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Search engine ranking algorithm is used to index a list of its evaluation and ranking rules. Ranking algorithm to determine which results are relevant to a particular query.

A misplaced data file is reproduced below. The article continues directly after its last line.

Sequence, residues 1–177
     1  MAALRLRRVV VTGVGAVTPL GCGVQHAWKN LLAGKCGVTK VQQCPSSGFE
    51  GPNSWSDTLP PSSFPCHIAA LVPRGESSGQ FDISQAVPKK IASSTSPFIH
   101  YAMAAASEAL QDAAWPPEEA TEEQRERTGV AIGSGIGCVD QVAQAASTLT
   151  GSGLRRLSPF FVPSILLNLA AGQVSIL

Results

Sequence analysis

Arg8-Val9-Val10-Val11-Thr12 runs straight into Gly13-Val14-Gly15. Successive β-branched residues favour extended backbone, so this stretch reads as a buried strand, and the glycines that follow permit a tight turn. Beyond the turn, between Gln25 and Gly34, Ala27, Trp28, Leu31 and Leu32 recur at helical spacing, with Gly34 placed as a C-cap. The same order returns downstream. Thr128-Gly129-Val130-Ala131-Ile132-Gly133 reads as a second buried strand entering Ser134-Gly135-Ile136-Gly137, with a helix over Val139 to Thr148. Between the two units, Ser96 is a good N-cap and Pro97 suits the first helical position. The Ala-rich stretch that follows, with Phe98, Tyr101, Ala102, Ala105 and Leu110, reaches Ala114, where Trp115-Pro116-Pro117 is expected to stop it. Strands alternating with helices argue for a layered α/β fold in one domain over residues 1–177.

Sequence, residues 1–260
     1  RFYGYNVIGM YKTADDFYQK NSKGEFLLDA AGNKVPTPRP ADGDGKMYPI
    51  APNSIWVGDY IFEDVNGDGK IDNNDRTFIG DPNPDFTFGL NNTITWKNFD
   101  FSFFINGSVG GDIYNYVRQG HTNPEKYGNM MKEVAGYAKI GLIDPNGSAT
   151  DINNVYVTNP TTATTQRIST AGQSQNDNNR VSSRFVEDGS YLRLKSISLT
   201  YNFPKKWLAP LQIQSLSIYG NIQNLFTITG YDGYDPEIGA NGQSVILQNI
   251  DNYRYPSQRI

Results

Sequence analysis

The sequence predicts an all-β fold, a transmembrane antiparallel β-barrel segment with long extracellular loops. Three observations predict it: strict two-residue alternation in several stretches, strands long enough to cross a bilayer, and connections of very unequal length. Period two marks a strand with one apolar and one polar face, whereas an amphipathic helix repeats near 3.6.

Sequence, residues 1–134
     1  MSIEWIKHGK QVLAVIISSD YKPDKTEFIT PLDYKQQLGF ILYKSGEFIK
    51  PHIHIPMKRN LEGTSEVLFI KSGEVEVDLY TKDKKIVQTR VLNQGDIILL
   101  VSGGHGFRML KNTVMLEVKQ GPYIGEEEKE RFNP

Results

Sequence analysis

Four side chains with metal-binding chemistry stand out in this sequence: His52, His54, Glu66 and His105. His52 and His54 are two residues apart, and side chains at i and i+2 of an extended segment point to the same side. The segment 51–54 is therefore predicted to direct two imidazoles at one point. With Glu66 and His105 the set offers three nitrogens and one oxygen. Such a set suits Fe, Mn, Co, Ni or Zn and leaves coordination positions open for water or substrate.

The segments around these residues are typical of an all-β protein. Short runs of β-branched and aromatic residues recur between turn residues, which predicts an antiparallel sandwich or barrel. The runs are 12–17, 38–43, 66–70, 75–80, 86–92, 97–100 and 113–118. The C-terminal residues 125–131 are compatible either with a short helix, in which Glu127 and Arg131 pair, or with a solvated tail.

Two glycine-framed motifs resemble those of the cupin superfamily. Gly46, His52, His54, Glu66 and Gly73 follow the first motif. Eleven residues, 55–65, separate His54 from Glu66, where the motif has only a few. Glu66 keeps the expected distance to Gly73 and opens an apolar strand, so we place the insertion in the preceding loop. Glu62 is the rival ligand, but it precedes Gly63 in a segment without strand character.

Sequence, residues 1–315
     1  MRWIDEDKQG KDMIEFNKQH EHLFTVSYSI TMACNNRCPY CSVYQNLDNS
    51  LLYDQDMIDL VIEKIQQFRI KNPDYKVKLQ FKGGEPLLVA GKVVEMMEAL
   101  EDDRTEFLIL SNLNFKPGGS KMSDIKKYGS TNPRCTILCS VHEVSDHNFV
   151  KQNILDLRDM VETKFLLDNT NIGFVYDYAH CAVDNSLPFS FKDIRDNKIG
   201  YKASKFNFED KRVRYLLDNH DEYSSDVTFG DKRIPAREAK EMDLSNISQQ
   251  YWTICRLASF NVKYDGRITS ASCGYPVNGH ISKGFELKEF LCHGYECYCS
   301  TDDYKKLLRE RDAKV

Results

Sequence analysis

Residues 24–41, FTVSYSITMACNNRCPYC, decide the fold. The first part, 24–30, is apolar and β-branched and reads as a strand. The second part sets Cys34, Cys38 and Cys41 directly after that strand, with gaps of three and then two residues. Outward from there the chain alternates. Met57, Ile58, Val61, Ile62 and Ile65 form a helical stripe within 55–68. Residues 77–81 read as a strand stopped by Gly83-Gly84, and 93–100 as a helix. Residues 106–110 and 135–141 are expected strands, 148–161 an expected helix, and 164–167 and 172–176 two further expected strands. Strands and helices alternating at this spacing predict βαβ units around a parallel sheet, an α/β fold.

Distributed Page Ranking in Structured P2P Networks ShuMing Shi, Jin Yu, GuangWen Yang, DingXing Wang Department of Computer Science and Technology, Tsinghua University, Beijing, P.R.China E-mail: {ssm01, yujin}@mails.tsinghua.edu.cn; {ygw, dxwang}@mail.tsinghua.edu.cn Abstract communication overhead must be considered carefully while performing distributed page ranking. This paper discusses the techniques of performing Structured peer-to-peer overlay networks have recently distributed page ranking on top of structured peer-to-peer gained popularity as a platform for the construction of networks. Distributed page ranking are needed because self-organized, resilient, large-scale distributed systems [6, the size of the web grows at a remarkable speed and 13, 14, 15]. In this paper, we try to perform effective page centralized page ranking is not scalable. Open System ranking on top of structured peer-to-peer networks. We PageRank is presented in this paper based on the first propose some distributed page ranking algorithms traditional PageRank used by Google. We then propose based on google’s PageRank [2] and present some some distributed page ranking algorithms, partially prove interesting properties and results about them. As their convergence, and discuss some interesting communication overhead is more important than CPU and properties of them. Indirect transmission is introduced in memory usage in distributed page ranking, we then discuss this paper to reduce communication overhead between strategies of page partitioning and ideas about alleviating page rankers and to achieve scalable communication. The communication overhead. By doing this, our paper makes relationship between convergence time and bandwidth the following contributions: consumed is also discussed. Finally, we verify some of the • We provide two distributed page ranking algorithms, discussions by experiments based on real datasets. partially prove their convergence, and verify their features by using a real dataset. 1. Introduction • We identify major issues and problems related to distributed page ranking on top of structured P2P Link structure based page ranking for determining the networks. “importance” of web pages has become an important • Indirect transmission is introduced in this paper to technique in search engines. In particular, the HITS [1] reduce communication overhead between page rankers algorithm maintains a hub and authority score for each and to achieve scalable communication. page, in which the authority and hub scores are computed The rest of the paper is as follows: After briefly by the linkage relationship of pages in the hyperlinked reviewing the PageRank algorithm in section 2, a environment. The PageRank [2] algorithm used by Google modification on PageRank for open systems is proposed in [3] determines “scores” of web pages by compute the section 3. Issues in distributed page ranking are discussed eigenvector of a matrix iteratively. one by one in section 4. Section 5 uses a real dataset to As size of the web grows, it becomes harder and harder validate some of our discussions. for existing search engines to cover the entire web. We need distributed search engines which are scalable with 2. Brief Review of PageRank respect to the number of pages and the number of users. In a distributed search engine, page ranking is not only The essential idea behind PageRank [2] is that if page u needed as in its centralized counterpart for improving has a link to page v, then u is implicitly conferring some query results, but should be performed distributedly for kind of importance to v. Intuitively, a page has high rank if scalability and availability. it has many back links or it has a few highly ranked A straightforward way to achieve distributed page backlinks. ranking is simply scaling HITS or PageRank algorithms to Let n be the number of pages, R(u) be the rank of page distributed environment. But it is not a trivial thing to do u, and d(u) be the out-degree of page u. For each page v, that. Both HITS and PageRank are iterative algorithms. As let Bv represent the set of pages pointing to v, then rank of each iteration step needs computation results of previous v can be computed as follows: step, synchronize operation is needed. However, it is hard R (u ) R (v ) = c ∑ + (1 − c ) E (v) (2.1) to achieve synchronous communication in wide spread u∈Bv d (u ) distributed environment. In addition, page partitioning and The second term in the above expression is for avoiding rank sink [2]. Stated another way, let A be a square matrix with the group) are expressed by thin real lines. This kind of edges rows and columns corresponding to web pages. Let can also be viewed as some kind of rank source to this Au,v=1/d(u) if there is an edge from u to v and Au,v=0 if not. group. There are also edges pointed out from this group to Then we can rewrite formula 2.1 as follows: pages in other groups, called efferent links which is R = cAR + (1 − c ) E (2.2) denoted by dot-and-dashed lines. Then PageRank may be computed as algorithm 1. R0 = S P4 loop Ri+1 = ARi P1 D = ||Ri||1 - ||Ri+1||1 Ri+1 = Ri+1 + dE δ = ||Ri+1 - Ri||1 P3 while δ>ε P2 Algorithm 1: PageRank Algorithm Inner link Virtual links Afferent link Efferent link 3. Open System PageRank Web page Algorithm 1 can’t be simply scaled for distributed Fig.2. A web page group PageRank for two reasons: Firstly, as each machine only contains part of the whole link graph, so operations like Consider a page group G. For any page u in it, let R(u), ||Ri|| is time-consuming. Secondly, each iteration step d(u) be the rank and out-degree of u respectively. For each needs computation results of previous step, so synchronize page v, let Bv represent the set of pages pointing to v in G. operation is needed when the computation is distributed. Assume that for each page u (with rank R(u)), αR (u ) of its In addition, formula 2.1 view pages crawled as a closed rank is used for real rank transmission (by inner or efferent system; while in distributed systems, web pages in each links), while βR (u ) of its rank for virtual rank transmission machine must be views as open systems, for they must ( α + β = 1 ). communication with pages in other machines to For a page v, its rank can come from inner links, virtual performing PageRank. All these demand PageRank for links or afferent links, defined as I(v), V(v), and X(v) open systems. respectively. We can easily know (use the same way as PageRank in section 2) that rank from inner links is: The whole web: W I ( v ) = α ∑ R (u ) / d (u ) (3.1) u∈Bv Now consider virtual links. Assume all virtual links A page group: G Pages crawled: C have the same capacity, in other words, a page transmits the same amount of rank to other pages (include itself) by Fig.1. Different scopes of pages virtual links, then rank acquired from virtual links is: β In figure 1, the small ellipse contains pages grasped by V (v) = ∑ βR (u ) / w = ∑ R(u ) = βE (v) (3.2) u∈W w u∈W a search engine. And the small octagon can be seen as a Here W is the entire web, and w=|W|. And E(v) is the page group which comprises pages located on a single average page score over all pages in the whole web, the machine. same meaning as in standard PageRank. For briefness, we Figure 2 shows a web page group comprises four pages. can assume E(v)=1 for all pages in the group. The case Thick real lines denote link relationship between pages, when E is not uniform over pages can be used for for example, page P1 points to page P2 and P4. To avoid personalized page ranking [5, 9]. rank sink [2] and guarantee convergence of iteration, we Then ranks of all pages in the group can be expressed can add a complete set of virtual edges between every pair as follows: of pages1, as [8] has done. These virtual edges are denoted R (v ) = I ( v ) + V ( v ) + X (v ) in Fig.2 by dashed lines with double arrows. Afferent links (3.3) R (u ) (edges pointed from pages in other groups to pages of this =α ∑ + βE (v) + X (v ) u∈Bv d (u ) Or: 1 Not limit to page pairs inside the group here. In fact, all pages R = AR + ( βE + X ) (3.4) (crawled and not crawled) in the whole web are included. Here A is a square matrix with the rows and columns values. Some key problems will be discussed in this corresponding to web pages with Au ,v = α / d (u ) if there is section. an edge from u to v and Au,v=0 if not. Define Y(v) as ranks ready for being sent to other page groups, we have: 4.1. Web Page Partitioning Y = BR (3.5) Here B is a square matrix with Bu ,v = β / d (u ) if d(u)>0 Different strategies can be adopted to divide web pages among page rankers: divide pages randomly, divide by the and Au,v=0 if not. hash code of page URLs, or divide by the hash code of The main difference between standard PageRank and websites. As crawler(s) may revisit pages in order to this variation is that: The former is for closed systems and detect changes and refresh the downloaded collection, one the balance of rank carefully considered in each iteration page may participate in dividing more than one time. The step. While the later is for open systems and allow ranks random dividing strategy doesn’t fulfill this need for to be flowed into and out of the system. taking the risk of sending a page to different page rankers on different times. When performing page ranking, page function R*=GroupPageRank(R0, X) { scores may transmit between page rankers, causing repeat communication overhead between nodes. Because number Ri+1 = ARi + βE + X δ = ||Ri+1 - Ri||1 of inner-site links overcomes that of inter-site ones for a until δ>ε web site ([16] finds that 90% of the links in a page point return Ri to pages in the same site on average), divide at site- } granularity instead of page-granularity can reduce communication overhead greatly. To sum up, dividing Algorithm 2: PageRank algorithm for an open system pages by hash code of websites is a something better Using formula 3.4, rank of each page in the group can strategy. be solved iteratively (see Algorithm 2). The convergence of Algorithm 2 is guaranteed by the following theorems 4.2. Distributed PageRank Algorithms (refer to [7] for their proofs): Theorem 3.1 Iteration x=Ax+f converges for any Two different algorithms, DPR1 and DPR2, are shown initial value x0 if and only if ρ ( A) < 1 . Here ρ ( A) is the (see Algorithm 3 and 4) to performing distributed page ranking. Both of them contain a main loop, and in each spectral radius of matrix A. loop, the algorithm first refreshes the value of X (for other Theorem 3.2 For any matrix A and matrix norm || ⋅ || , groups may have sent new ranks by the afferent links of ρ ( A) ≤|| A || the group), and then compute vector R by one or more Theorem 3.3 Let ||A||<1, and xm=Axm-1+f converges to iteration steps, and lastly, compute new Y and send it to x*, then other nodes. || A || Note that each node runs the algorithm asynchronously, || x * − x m ||≤ || x m − x m−1 || 1− || A || in other words, ranking programs in all the nodes can start For Algorithm 2, we have ρ ( A) ≤|| A ||∞ ≤ α by Theorem at different time, execute at different ‘speed’, sleep for 3.2. Then, by Theorem 1, the iteration converges. some time, suspend itself as its wish, or even shutdown. In Theorem 3.3 implies that we can use ||xm-xm-1|| as fact, we can insert some delays before or after any termination condition of the iteration. instructions. function DPR1() { 4. Distributed Page Ranking R0 = S X=0 loop In this section, we consider how to perform page Xi+1=Refresh X ranking in a peer-to-peer environment. Assume there are K Ri+1 = GroupPageRank(Ri,Xi+1) nodes (called page rankers) participating in page ranking, Compute Yi+1 and send it to other nodes and each of them is in charge of a subset of the whole web Wait for some time pages to be ranked. Pages crawled by crawler(s) are while true partitioned into K groups and mapped onto K page rankers } according to some strategy. Each page ranker runs a page ranking algorithm on it. Since there have links between Algorithm 3: Distributed PageRank Algorithm: DPR1 pages of different page groups, page rankers need to The difference between algorithm DPR1 and DPR2 lies communicate periodically to exchange updated ranking in the style and frequency of refreshing input vector X and updating output vector Y. In each loop of algorithm DPR1, new value of R is computed iteratively (by algorithm 2) until converge before updating and sending Y to other D groups. While with DPR2, each node always uses the latest X it can be acquired to compute R and update the value of Y eagerly. D function DPR2() { R0 = S X=0 loop R1 Xi+1=Refresh X S S …… Ri+1 = ARi + βE + Xi+1 Compute Yi+1 and send it to other nodes Wait for some time (A) (B) while true Fig.3. Direct transmission in performing distributed } page ranking. (A) The communication is nearly one-to-one with direct transmission. (B) Finding the IP address and Algorithm 4: Distributed PageRank Algorithm: DPR2 port of the destination by using lookup operations in structured P2P networks. 4.3. Convergence Analysis Moreover, if the number of page rankers is large (i.e. more than 1000), it is impossible to have one node Before analyzing convergence of the algorithms, we knowing all the other nodes. Actually, in P2P networks [6, first give two interesting results for distributed PageRank 13, 14, 15], one node commonly has roughly some dozens (refer to Appendix for proof details): of neighbors. When one source node S wants to send a Theorem 4.1 For a static link graph, sequence {R1, message to a destination D, it must know the IP address R2, …} in algorithm DPR1 is monotonic for all nodes. and port of D first. This is implemented by a lookup Theorem 4.2 For a static link graph, sequence {R1, message in structured P2P networks, see (B) of Figure 3. R2, …} in algorithm DPR1 has upper bound for all nodes. Assuming averagely h hops are needed for a lookup, these As every bounded monotonic sequence converges, by lookup messages increase the communication overhead up theorem 4.1 and 4.2, algorithm DPR1 can converge. to O(hN2). Theorem 4.1 and 4.2 also holds for DPR2 if R0=0. This For each message, it has to go through the network can be proved similarly by viewing each page as a group. stack at the sender and the receiver. Thus it is copied to For convenience of proof, we presume that the link- and from kernel space twice, incurring two context graph is static (no link/node insertion and deletion), and switches between the kernel and the user mode. also assume S=0 for DPR2. However, we believe the two To reduce the number of messages, we provide an algorithms DO converge without these constrains alternative way to achieve scalable communication: (although Theorem 4.1 and 4.2 don’t hold anymore with indirect transmission. With indirect transmission, updated dynamic link graph). page scores are not sent to their destinations directly, Can the two algorithms converge to the same vector as instead, they are transferred several times before get to centralized page ranking algorithm? The answer is “Yes”, their destinations. In other words, indirect transmission according to our experiments. uses the routing path of structured P2P networks to transfer data --- something opposite to the spirit of P2P. 4.4. Reducing Communication Overhead Figure 4 shows the key idea of indirect transmission. In the figure, node B need to transmit updated page scores to When web pages are partitioned into groups and other machines, instead of sending data to all destinations mapped onto page rankers, each group potentially has directly (after finding the IP addresses of the destinations), links pointing to nearly all other groups, which causes it packs the data into packages and send them to its one-to-one communication. Figure 3 shows some fictitious neighbors respectively. When a machine A receives some nodes (represented by small circles) and part of the packages (from its neighbors B, C, D, and E), it unpacks communications (arrowed-lines) between them. We call them, recombines the data in them according to their this kind of communication as direct transmission. Given destinations, and forms new packages. Then these new N as the total number of page rankers, although the packages are sent to each neighbor of A. As a result, data allowing of asynchronous operations in each machine can containing page scores reach the destination after a series reduce communication overhead in some degree, O(N2) of packing and unpacking. Figure 5 shows the messages are still needed to be transmitted between nodes communication pattern between nodes using indirect per iteration. That is essentially not scalable. transmission. We can see that, use indirect transmission scheme, data are transferred only between neighbors. Now consider the number of messages. With indirect Hence, only O(N) messages are needed per iteration. transmission, the average number of messages per However, as messages are sent indirectly, much bandwidth iteration is: may be consumed. Assume it takes averagely h hops to S it = gN (4.3) route a message to its destination, total bandwidth Here g is the average number of neighbors per node. consumed can be O(hN). While with direct transmission, the average number of Data unpack messages per iterations is roughly: S dt = (h + 1) N 2 (4.4) B D From the above four formulas, we can see that indirect transmission is more scalable than direct transmission, in terms of the size of data and the number of messages transferred. Direct transmission seems better only for C E small N. A 4.5 Convergence Time vs. Bandwidth Node (Page ranker) Data pack We analyze the relationship between convergence time Fig.4. Explanation for indirect transmission. Data are and bandwidth consumed in this section. Only indirect unpacked and recombined on each node. transmission is considered here. Consider an example of computing the page ranking of 3 billion (Google indexes more than 3 billion web documents [18]) web pages over 1000 page rankers. That is, we have W=3GB and N=1000 in formula 4.1 and 4.2. Define T as the minimal time interval between two iterations. Link information exchange between page rankers has format of <url_from, url_to, score>, which means that an URL url_from with ranking score has an outlink to URL url_to. Given an average URL size of 40 bytes [16], the average size of one link is roughly 100 bytes. So we have: Fig.5. Communication between nodes using indirect L = 100 bytes (4.5) transmission. Assume each node has two neighbors here. The communication overhead should not exceed the To compare these two kinds of communication pattern, capacity of the internet and upstream/downstream assume there are N nodes responsible for the ranking bandwidth of page rankers themselves. So we consider the computation of W web pages. Using the “hash-by-site” following two constrains: strategy in section 4.1, one page has only about 1 URL Bisection Bandwidth: One way to estimate the pointing to other sites [16]. Define l as the average size of internet’s capacity is to look at the backbone cross- one link, and r as the average size of a lookup message for section bandwidth. The sum of bisection bandwidth of a destination node. Assume it takes averagely h hops to Internet backbones in the U.S. was about 100 gigabits route a message to its destination. Considering an iteration in 1999 [17]. That is used by [17] to estimate the of the DPR1 or DPR2 algorithm, with indirect feasibility of peer-to-peer web indexing and searching. transmission, the size of data should be transferred We also use it as our internet bisection bandwidth between nodes is roughly: constrain. Assume one percent of the internet bisection Dit = hlW (4.1) bandwidth is allowed to be used by page ranking, that Whereas with direct transmission, the size of data is, 1 gigabit, or 100MB per second. transferred is about: Upstream/Downstream Bandwidth: Each node has an upstream and downstream bottleneck bandwidth Ddt = lW + hrN 2 (4.2) when it connects to the internet. Data transfer should Formula 4.2 is because a node must know the IP not exceed bottleneck bandwidth of nodes. addresses and ports of destinations before sending updated According to the bisection bandwidth constrain, we page scores to them. So some lookup messages must be have: sent first, as shown in Figure 3 (B). Dit = hlW < T * 100 MB / s (4.6) For Pastry [6] with 1000 nodes, the average number of Experiment Setup To simulate the asynchronism of hops is about 2.5. Thus we have T>7500s from formula computation on different nodes, each group u waits for 4.6. That means, with distributed page ranking, the time Tw(u, m) time units before starting a new loop step m. In interval between two iterations is at least 2 hours. our experiment, Tw(u,m) follows exponential distribution Now consider the second constrain. Define B as the for a fixed u, and the mean waiting time of each page bottleneck bandwidth of each node, we have: group are randomly selected from [T1, T2] (T1 and T2 are Dit parameters that can be adjusted). To simulate potential < TB (4.7) network failures, we assume vector Y may fail to be sent to N other groups with a probability p. We run the simulation With T=7500s, we have B ≥ 100 KB . many times with different values of T1, T2, p and K (here Table 1 shows some minimal time intervals between K is the number of page groups or page rankers). iterations for different number of page rankers. Notice that for Pastry with 10,000 and 100,000 nodes, the average number of hops h is about 3.5 and 4.0 respectively [6]. 0.32 The minimal node bottleneck bandwidth needed for Average Rank 0.29 different number of nodes is also showed in Table 1. 0.26 A Some techniques can be adopted to reduce convergence 0.23 B time, i.e. compression. This problem is left as future work. C 0.2 Table.1. The minimal time interval between iterations 0.17 and the minimal node bottleneck bandwidth needed for 1 11 21 31 41 51 61 71 81 distributed page ranking Time # of Page Rankers 1,000 10,000 100,000 Time per Iteration 7500s 10500s 12000s Fig.7. Rank sequence generated by DPR1 is Bottleneck Bandwidth monotonic. (K=100. A: p=1, T1=0, T2=6; B: p=0.7, T1=0, 100KB/s 10KB/s 1KB/s T2=6; C: p=0.7, T1=0, T2=15). Needed Let R, R* be ranks obtained by distributed PageRank 5. Experiments and its centralized counterpart, define the relative error as ||R-R*||/||R*||. We use relative error as a metric for the We run a simulator to verify the discussion in previous difference between them. Figure.6 shows that the relative sections. error decreases over time. Datasets The link graph adopted for experiments is Figure.7 shows the monotonic property of rank generated from Google programming contest data [3] sequence generated by DPR1. Notice that the average rank which includes a selection of HTML web pages from 100 is only 0.3 when converges. That is because a large different sites in the “edu” domain. This link graph proportion of links point to outside of the dataset (only 7M contains nearly 1M pages with overall 15M links. of the whole 15M links point to pages in the dataset). Although slightly small, this is the largest real dataset can be obtained by us now. Number of Iterations 30 25 Relative Error (%) 40 20 DPR1 30 15 DPR2 A 10 CPR 20 B 5 10 C 0 0 2 10 100 1000 10000 1 11 21 31 41 51 61 71 81 Number of Page Rankers Time Fig.8. Comparison between different page ranking Fig.6. Distributed PageRank converges to the ranks of algorithms. CPR means centralized page ranking. The centralized PageRank. (K=1000. A: p=1, T1=0, T2=6; B: threshold relative error is 0.01%. (p=1, T1=15, T2=15). p=0.7, T1=0, T2=6; C: p=0.7, T1=0, T2=15). Figure 8 shows the convergence of different page ranking algorithms. We can see that DPR1 converges more quickly than DPR2. DPR1 even need fewer iteration [3] http://www.google.com steps than the centralized page ranking algorithm to [4] T. H. Haveliwala. Efficient computation of PageRank. converge. Another conclusion seen from the figure is that Stanford University Technical Report, 1999. the number of page rankers has little effect on the [5] G. Jeh and J. Widom. Scaling personalized web search. converge speed. Stanford University Technical Report, 2002. [6] Rowstron, A. and P. Druschel. Pastry: Scalable, 6. Related Works distributed object location and routing for largescale peer- to-peer systems. in IFIP/ACM Middleware. 2001. In addition to the two seminal algorithms [1, 2] using Heidelberg, Germany. link analysis for web search, much work has been done on [7] Owe Axelsson. Iterative Solution Methods. Cambridge the efficient computation of PageRank [4, 8], using University Press. 1994 PageRank for personalized or topic-sensitive web search [8] S.D. Kamvar, T.H. Haveliwala, C.D. Manning, etc. [5, 9], utilizing or extending them for other tasks[10, 11], Extrapolation Methods for Accelerating PageRank etc. To our knowledge, there has no discussion till now Computations. Stanford University Technical Report, about distributed page ranking in public published 2002. materials. [9] T. H. Haveliwala. Topic-sensitive PageRank. In Another kind of related work may be parallel methods Proceedings of the Eleventh International World Wide of solution of linear equation systems for computers with Web Conference, 2002. multiprocessors. There are two ways of solving the linear [10] D. Rafiei and A.O. Mendelzon. What is this page system which can both be parallelized: direct methods and known for? Computing web page reputations. In iterative methods. Most of the methods are not suitable to Proceedings of the Ninth International World Wide Web solve our problem because they require matrix inversions Conference, 2000. that are prohibitively expensive for a matrix of the size [11] S. Chakrabarti, M. van den Berg, and B. Dom. and sparsity of the web-link matrix. Please see [12] for Focused crawling: A new approach to topic-specific web details of them. resource discovery. In Proceedings of the Eighth International World Wide Web Conference, 1999. 7. Conclusions and Future Work [12] Vipin Kumar, Ananth Grama, etc. Introduction to Parallel Computing, Design and Analysis of Algorithms. Distributed page ranking are needed because size of the The Benjamin/Cummings Publishing Company. web grows at a remarkable speed and centralized page [13] Ratnasamy, S., et al. A Scalable Content-Addressable ranking is not scalable. PageRank can be modified slightly Network. in ACM SIGCOMM. 2001. San Diego, CA, for open systems. To do page ranking distributedly, pages USA. can be partitioned by hash code of their websites. [14] Stoica, I., et al. Chord: A scalable peer-to-peer Distributed PageRank converges to the ranks of lookup service for Internet applications. in ACM centralized PageRank. Indirect transmission can be SIGCOMM. 2001. San Diego, CA, USA. adopted to achieve scalable communication. The [15] Zhao, B. Y,. Kubiatowicz, J.D., and Josep, A.D. convergence time is judged by network bisection Tapestry: An infrastructure for fault-tolerant wide-area bandwidth and the bottleneck bandwidth of nodes. location and routing. Tech. Rep. UCB/CSD-01-1141, UC Future works include: Doing more experiments (and Berkeley, EECS, 2001. using larger datasets) to discover more interesting [16] Junghoo Cho and Hector Garcia-Molina. Parallel phenomena in distributed page ranking. And explore more crawlers. In Proc. of the 11th International World--Wide methods for reducing communication overhead and Web Conference, 2002. convergence time. [17] Jinyang Li, Boon Thau Loo, Joseph M. Hellerstein, M. Frans Kaashoek, David R. Karger and Robert Morris. On the Feasibility of Peer-to-Peer Web Indexing and References Search. In Proceedings of the 2nd International Workshop on Peer-to-Peer Systems (IPTPS'03), 2003 [1] Jon M. Kleinberg. Authoritative sources in a [18] Google Press Center: Technical Highlights. hyperlinked environment. In Proceedings of the Ninth http://www.google.com/press/highlights.html. Annual ACMSIAM Symposium on Discrete Algorithms. San Francisco, California, January 1998. [2] Lawrence Page, Sergey Brin, Rajeev Motwani, and Appendix Terry Winograd. The PageRank citation ranking: Bringing Notations: For a vector r , define r ≥ 0 if and only all order to the Web. Technical report, Stanford University elements of it are larger than or equal to zero. For a matrix Database Group, 1998. A, define A ≥ 0 if and only if all elements of it are larger than or equal to zero. For two vectors r1 and r2, define Yu2 ,m2 (i ) > Yu2 ,m2 +1 (i ) . Note that m2>0 2 r1 ≥ r2 if and only if each element of r1 is larger than or and t y (u 2 , m 2 + 1) < t x (u1 , m1 + 1) . Therefore, by formula equal to the corresponding element of r2. (#2), we see that formula (*2) doesn’t hold for page group Lemma 1 For a square matrix A ≥ 0 , and a vector f ≥ 0 . u2 and integer m2. Moreover, we have: If || A ||∞ < 1 and r = Ar + f , then r ≥ 0 t r (u 2 , m2 + 1) < t y (u 2 , m2 + 1) < t x (u1 , m1 + 1) < t r (u1 , m1 + 1) Proof: Let k be dimension of A, f, and r. Assume r0 is the smallest element of r with no loss of generality. If the Repeat the above process, we get two infinite sequences: lemma doesn’t hold, then r0<0, so {u1, u2, …}, {m1, m2, …} satisfying the following formula: k k t r (u1 , m1 + 1) > t r (u 2 , m2 + 1) > ... r0 = (∑ A0i ri ) + f 0 ≥ r0 (∑ A0 i ) + f 0 > r0 + f 0 i =1 i =1 The above statement implies (ui, mi) and (uj, mj) are different states for any i ≠ j , that is, there are infinite A contradiction! So the lemma holds. states before (ui, mi). But there can’t be infinite times of Lemma 2. Given a square matrix A ≥ 0 and two vectors iterations up to a certain time, a contradiction! Therefore, f1 ≥ 0 , f 2 ≥ 0 , if || A ||∞ < 1 , r1 = Ar1 + f1 and r2 = Ar2 + f 2 , formula (*2), and so formula (*1), holds for any page then: f1 ≥ f 2 ⇒ r1 ≥ r2 group u. Proof: From r1 = Ar1 + f1 and r2 = Ar2 + f 2 can get: Proof of Theorem 4.2 Theorem 4.2 For a static link graph, sequence {R1, R2, …} (r1 − r2 ) = A(r1 − r2 ) + ( f1 − f 2 ) in algorithm DPR1 has upper bound for each node. We get r1 − r2 ≥ 0 by theorem 1, so r1 ≥ r2 . Proof: Define Ru,i, Xu,i, Yu,i, tr(u,i), tx(u,i), ty(u,i) etc as in Proof of Theorem 4.1 the proof of theorem 4.1. In addition, define Ru as the * Theorem 4.1 For a static link graph, sequence {R1, R2, …} ultimate rank vector of group u if centralized PageRank is in algorithm DPR1 is monotonic for each node. performed on all the page groups (instead of on each page Proof: We define Ru i as rank vector Ri on node (or page group respectively). And define X u and Yu* similarly. Then * group) u, and define Ru,i(j) as the j’th element of Ru,i. Xu,i we need only to prove that for any page group u and and Yu,i are defined similarly. Define tr(u,i) as the time integer m, if m>0, then when value of Ru,i is computed. Similarly define tx(u,i) and * (*1) and * (*2) Ru ,m ≤ Ru X u ,m ≤ X u ty(u,i). Then we need only to prove that for any page group u and integer m, if m>0, then As in the proof of Theorem 4.1, we just need to prove (*2). Ru ,m ≤ Ru ,m+1 (*1) and X u ,m ≤ X u , m +1 (*2) For any page group u and integer m>0, because Ru ,m = ARu ,m + βE + X u ,m and Ru = ARu + βE + X u , by * * * If (*2) is proved, by the following statement (#1), formula (*1) will be proved either. Now we focus on the proof of lemma 2 we have statement (*2). X u ,m ≤ X u ⇒ Ru ,m ≤ Ru , Yu ,m ≤ Yu* * * (#1) For any page group u and integer m, by lemma 2, we have And its equivalent statement: X u ,m ≤ X u ,m+1 ⇒ Ru ,m ≤ Ru ,m+1 , Yu ,m ≤ Yu ,m +1 (#1) (∃j , s.t. Yu , m ( j ) > Yu* ( j )) ⇒ ∃i, s.t. X u , m (i ) > X u (i ) * (#2) And its equivalent statement: (∃j , s.t. Ru , m ( j ) > Ru ( j )) ⇒ ∃i, s.t. X u , m (i ) > X u (i ) * * (∃j , s.t. Yu ,m ( j ) > Yu ,m+1 ( j )) ⇒ ∃i, s.t. X u ,m (i ) > X u ,m+1 (i ) (#2) Prove by contradiction. Assume formula (*2) doesn’t hold (∃j , s.t. Ru ,m ( j ) > Ru ,m+1 ( j )) ⇒ ∃i , s.t. X u ,m (i ) > X u ,m+1 (i ) for page u1 and integer m1>0, then, use the same process Formula (#1) implies that, for any group, high rank value as in the proof of theorem 4.1, we get two infinite of afferent links means high page ranks and high scores of sequences {u1, u2, …} and {m1, m2, …} satisfying the efferent links. Now we prove by contradiction. Assume following formula: that formula (*2) doesn’t hold for a page group u1, that is, t r (u1 , m1 + 1) > t r (u 2 , m2 + 1) > ... there exist a page with index j and an integer m1>0, such We can get a contradiction by the same reasoning as in the that X u1 ,m1 ( j ) > X u1 ,m1 +1 ( j ) . As the value of X(j) comes proof of theorem 4.1. Thus, theorem 4.2 is proved. from efferent links of other groups, there must have a group u2 with page i and iteration step m2, such that 2 Because, by algorithm, Yu,0 is never sent to other groups.